Those words were, to me, clearly correct, however Bush himself had no credibility on that topic because of the fact that he had already been known to say that Justices Scalia and Thomas were his favorite Supreme Court Justices.
We don't need more Justices like Scalia and Thomas, nor more Justices like Ginsburg, Breyer, Sotomayor, and Kagan. We need more Justices like Oliver Wendell Holmes, Benjamin Cardozo, and Hugo Black. I think if people like them were nominated, then the Senate would confirm them without controversy.

I doubt it. If Trump's next appointment was the another Hugo Black, he'd get voted down close to unanimously. Neither the people who voted for Trump nor the people who voted for Clinton would find him acceptable.
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L.D. Smith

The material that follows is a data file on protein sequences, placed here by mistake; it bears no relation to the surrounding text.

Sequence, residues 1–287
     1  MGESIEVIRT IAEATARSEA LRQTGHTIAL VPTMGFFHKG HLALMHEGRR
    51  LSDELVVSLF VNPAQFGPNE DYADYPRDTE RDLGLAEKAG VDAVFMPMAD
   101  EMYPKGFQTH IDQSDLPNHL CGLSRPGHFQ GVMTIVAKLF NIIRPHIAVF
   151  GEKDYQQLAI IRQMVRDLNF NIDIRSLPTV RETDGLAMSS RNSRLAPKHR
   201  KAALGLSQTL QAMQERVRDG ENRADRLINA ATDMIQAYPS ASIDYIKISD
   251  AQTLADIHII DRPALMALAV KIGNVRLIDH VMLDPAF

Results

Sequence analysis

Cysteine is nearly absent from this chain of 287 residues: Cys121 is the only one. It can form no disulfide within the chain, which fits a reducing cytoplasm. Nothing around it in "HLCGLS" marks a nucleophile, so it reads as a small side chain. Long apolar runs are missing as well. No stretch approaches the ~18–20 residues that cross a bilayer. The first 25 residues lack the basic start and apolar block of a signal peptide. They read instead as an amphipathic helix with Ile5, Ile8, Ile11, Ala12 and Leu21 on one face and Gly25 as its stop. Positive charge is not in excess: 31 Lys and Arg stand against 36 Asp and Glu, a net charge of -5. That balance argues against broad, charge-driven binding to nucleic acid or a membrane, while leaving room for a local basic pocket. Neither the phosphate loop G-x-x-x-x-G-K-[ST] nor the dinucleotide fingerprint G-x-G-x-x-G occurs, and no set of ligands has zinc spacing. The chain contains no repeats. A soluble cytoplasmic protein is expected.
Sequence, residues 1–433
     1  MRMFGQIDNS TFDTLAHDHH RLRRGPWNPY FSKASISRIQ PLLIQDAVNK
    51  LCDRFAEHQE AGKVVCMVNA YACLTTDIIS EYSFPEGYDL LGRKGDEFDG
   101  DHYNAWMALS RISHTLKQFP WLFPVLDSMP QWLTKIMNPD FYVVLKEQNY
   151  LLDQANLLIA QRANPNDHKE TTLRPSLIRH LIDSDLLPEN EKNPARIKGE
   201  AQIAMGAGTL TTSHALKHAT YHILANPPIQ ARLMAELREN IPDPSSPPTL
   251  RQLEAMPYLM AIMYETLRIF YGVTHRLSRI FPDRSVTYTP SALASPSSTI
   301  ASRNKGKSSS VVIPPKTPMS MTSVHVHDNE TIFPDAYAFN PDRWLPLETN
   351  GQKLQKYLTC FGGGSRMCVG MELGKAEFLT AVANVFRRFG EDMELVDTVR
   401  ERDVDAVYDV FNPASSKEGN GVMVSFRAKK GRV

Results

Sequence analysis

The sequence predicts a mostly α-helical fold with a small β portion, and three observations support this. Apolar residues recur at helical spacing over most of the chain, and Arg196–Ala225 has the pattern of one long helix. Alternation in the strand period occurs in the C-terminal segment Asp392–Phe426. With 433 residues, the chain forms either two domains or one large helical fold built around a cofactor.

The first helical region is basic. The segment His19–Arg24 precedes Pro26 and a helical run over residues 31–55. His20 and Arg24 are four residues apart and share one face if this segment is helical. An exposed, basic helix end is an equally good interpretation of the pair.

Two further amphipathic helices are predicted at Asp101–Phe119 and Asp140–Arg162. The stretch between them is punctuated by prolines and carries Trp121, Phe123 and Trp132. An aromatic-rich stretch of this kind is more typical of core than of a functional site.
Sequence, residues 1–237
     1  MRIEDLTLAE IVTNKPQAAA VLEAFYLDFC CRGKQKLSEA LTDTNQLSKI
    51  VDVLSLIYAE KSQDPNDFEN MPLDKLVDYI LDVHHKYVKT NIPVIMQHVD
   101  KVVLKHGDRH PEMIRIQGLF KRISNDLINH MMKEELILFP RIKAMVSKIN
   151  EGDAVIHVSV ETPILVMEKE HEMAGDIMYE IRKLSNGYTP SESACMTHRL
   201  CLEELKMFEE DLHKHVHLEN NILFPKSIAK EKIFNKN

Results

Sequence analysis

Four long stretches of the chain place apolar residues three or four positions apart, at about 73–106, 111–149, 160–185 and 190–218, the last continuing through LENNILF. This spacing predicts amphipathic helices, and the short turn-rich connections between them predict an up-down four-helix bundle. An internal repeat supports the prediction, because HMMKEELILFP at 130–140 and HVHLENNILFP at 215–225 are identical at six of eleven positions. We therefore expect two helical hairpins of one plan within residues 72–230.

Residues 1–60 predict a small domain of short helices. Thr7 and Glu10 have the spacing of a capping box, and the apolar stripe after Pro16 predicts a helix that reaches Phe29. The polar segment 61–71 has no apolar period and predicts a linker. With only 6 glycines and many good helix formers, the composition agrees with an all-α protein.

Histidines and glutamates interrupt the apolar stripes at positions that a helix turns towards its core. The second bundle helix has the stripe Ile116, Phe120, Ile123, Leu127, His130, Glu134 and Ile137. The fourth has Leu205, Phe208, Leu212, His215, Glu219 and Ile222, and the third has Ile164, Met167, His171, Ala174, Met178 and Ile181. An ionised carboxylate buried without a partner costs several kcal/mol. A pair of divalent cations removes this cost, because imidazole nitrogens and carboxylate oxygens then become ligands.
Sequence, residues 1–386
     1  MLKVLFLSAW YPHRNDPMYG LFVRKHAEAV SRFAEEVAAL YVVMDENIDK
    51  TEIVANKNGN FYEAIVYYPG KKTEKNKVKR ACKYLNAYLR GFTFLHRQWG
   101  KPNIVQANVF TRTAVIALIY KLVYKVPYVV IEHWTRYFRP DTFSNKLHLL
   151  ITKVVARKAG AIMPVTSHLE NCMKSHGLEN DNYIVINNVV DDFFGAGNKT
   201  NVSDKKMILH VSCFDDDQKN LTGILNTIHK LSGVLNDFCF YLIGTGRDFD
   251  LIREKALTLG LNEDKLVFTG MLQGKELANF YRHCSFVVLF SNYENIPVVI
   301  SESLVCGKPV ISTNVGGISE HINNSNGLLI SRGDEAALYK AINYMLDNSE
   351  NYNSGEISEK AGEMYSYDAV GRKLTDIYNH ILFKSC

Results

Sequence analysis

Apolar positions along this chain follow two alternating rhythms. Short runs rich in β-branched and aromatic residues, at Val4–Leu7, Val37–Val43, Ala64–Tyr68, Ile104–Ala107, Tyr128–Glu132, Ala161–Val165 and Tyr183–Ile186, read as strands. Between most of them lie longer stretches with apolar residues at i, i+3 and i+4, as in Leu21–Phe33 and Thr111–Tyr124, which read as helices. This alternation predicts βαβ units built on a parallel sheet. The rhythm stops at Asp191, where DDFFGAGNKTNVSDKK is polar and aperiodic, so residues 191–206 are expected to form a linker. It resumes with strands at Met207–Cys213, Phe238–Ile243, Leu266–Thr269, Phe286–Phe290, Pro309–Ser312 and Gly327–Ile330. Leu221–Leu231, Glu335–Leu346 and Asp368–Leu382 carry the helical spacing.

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« Reply #10 on: May 18, 2017, 12:25:45 AM »

We have such deep divisions over the confirmation of the Supreme Court Justices because of these reasons: 1) the Supreme Court itself is too political, far too often basing its decisions on the personal values of the Justices themselves; 2) the Presidents keep picking people for appointment based on ideological reasons; 3) the Senators expect the Presidents to keep doing #2.
What is the Supreme Court supposed to be, ideally? It is supposed to be the nine most highly objective interpreters of law that can be found anywhere in the country. Consider what G.W. Bush said about 12 and a half years ago, at the Oct, 8, 2004 televised presidential debate between Bush and Sen. Kerry.
The debate moderator asked, "Mr. President, if there were a vacancy on the Supreme Court and you had the opportunity to fill that position today, who would you choose and why?"
Bush's response began with, "I would pick somebody who would not allow their personal opinion to get in the way of the law. I would pick somebody who would strictly interpret the Constitution of the United States." He last remark (after rambling a bit) was, "No litmus test except for how they interpret the Constitution."